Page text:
Eton and Slough (UK Parliament constituency)

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Eton and Slough
Former Borough constituency
for the House of Commons
County Buckinghamshire
19501983
Number of members One
Replaced by Slough, and Windsor and Maidenhead
19451950
Number of members One
Type of constituency County constituency
Created from Wycombe

Eton and Slough was a parliamentary constituency represented in the House of Commons of the Parliament of the United Kingdom. It elected one Member of Parliament (MP) by the first-past-the-post voting system.

The constituency was created in 1945 as part of an interim redistribution of seats in areas which had experienced large population growth since the last redistribution had taken effect in 1918. The 1945 redistribution preceded the first general review of constituencies by a permanent Boundary Commission for England which had been established in 1944. Before 1945 the area had formed part of the Wycombe constituency.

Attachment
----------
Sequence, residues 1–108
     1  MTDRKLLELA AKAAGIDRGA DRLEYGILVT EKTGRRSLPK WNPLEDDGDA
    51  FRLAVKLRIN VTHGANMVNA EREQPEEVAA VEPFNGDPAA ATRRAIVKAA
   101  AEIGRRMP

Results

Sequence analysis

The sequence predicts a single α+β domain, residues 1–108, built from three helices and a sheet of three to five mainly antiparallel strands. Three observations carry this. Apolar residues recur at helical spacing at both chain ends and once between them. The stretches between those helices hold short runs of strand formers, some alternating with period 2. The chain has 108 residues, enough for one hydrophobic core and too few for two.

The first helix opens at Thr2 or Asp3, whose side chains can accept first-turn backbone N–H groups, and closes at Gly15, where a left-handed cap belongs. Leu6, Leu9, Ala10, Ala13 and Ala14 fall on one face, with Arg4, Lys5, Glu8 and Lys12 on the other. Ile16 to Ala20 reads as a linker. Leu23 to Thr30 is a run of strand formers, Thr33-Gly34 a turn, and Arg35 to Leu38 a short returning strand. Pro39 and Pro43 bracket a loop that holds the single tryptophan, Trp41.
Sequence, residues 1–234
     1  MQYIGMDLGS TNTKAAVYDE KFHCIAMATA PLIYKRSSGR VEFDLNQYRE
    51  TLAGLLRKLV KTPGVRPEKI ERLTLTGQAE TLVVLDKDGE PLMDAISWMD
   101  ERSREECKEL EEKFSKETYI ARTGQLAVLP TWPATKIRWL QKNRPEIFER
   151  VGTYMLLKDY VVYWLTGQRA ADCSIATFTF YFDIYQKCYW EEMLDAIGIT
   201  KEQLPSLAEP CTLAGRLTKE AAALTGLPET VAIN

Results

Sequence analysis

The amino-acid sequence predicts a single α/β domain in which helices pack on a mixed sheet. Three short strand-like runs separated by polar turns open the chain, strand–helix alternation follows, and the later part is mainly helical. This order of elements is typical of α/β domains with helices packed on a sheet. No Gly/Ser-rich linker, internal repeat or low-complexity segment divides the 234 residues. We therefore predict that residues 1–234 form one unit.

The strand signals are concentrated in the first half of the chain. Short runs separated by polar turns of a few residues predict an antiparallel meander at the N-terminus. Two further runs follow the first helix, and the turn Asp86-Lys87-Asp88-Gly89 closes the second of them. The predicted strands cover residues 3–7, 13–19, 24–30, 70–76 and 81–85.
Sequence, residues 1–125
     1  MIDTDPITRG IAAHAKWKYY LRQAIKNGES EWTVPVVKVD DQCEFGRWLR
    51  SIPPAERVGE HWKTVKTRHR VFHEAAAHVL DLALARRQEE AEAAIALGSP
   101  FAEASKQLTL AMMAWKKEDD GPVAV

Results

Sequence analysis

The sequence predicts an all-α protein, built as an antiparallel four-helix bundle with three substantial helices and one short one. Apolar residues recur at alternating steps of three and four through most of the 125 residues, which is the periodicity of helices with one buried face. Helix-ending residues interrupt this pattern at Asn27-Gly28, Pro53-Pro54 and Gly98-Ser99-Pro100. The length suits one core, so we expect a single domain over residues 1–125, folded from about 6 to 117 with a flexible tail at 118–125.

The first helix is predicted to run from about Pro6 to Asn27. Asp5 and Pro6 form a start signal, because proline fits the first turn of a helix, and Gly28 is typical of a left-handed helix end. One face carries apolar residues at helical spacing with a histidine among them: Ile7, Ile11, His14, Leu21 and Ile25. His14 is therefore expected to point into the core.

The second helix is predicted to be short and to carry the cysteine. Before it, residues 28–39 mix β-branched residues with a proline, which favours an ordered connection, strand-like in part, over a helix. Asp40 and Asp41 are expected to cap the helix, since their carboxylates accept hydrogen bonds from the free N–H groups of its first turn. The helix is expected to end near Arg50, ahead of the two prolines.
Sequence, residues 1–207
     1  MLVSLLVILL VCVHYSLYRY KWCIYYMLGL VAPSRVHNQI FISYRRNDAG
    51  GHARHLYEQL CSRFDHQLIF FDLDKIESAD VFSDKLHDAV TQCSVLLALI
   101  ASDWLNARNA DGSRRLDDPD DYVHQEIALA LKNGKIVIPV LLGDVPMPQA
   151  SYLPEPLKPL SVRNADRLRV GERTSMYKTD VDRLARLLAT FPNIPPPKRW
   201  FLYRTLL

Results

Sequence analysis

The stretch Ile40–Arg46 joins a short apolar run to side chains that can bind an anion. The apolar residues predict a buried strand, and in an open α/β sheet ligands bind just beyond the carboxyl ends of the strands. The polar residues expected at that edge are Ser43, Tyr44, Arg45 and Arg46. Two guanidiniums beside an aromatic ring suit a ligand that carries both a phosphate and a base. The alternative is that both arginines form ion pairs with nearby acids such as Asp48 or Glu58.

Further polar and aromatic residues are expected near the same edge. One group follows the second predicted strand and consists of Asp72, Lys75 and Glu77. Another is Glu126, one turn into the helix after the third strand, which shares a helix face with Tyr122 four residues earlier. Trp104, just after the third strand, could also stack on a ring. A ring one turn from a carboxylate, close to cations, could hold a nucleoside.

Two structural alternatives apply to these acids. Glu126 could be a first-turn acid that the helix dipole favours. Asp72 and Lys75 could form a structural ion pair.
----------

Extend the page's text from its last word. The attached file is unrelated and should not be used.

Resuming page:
The constituency had some nationally known MPs: Fenner Brockway was a noted internationalist; Anthony Meyer, who later became MP for a constituency in Flintshire, Wales, challenged Prime Minister Margaret Thatcher as a "stalking horse" leadership candidate in 1989; and Joan Lestor, who later served as MP for Eccles, Greater Manchester, was a government minister and a founder of anti-fascist newsletter Searchlight. The seat contained a prestigious public school (Eton College), yet ironically had Labour MPs for most of its history, mostly because of the inclusion of the new town of Slough, which mainly voted for Labour. The sole occasion a Conservative MP won the seat in 1964, was represented by an Old Etonian, Anthony Meyer.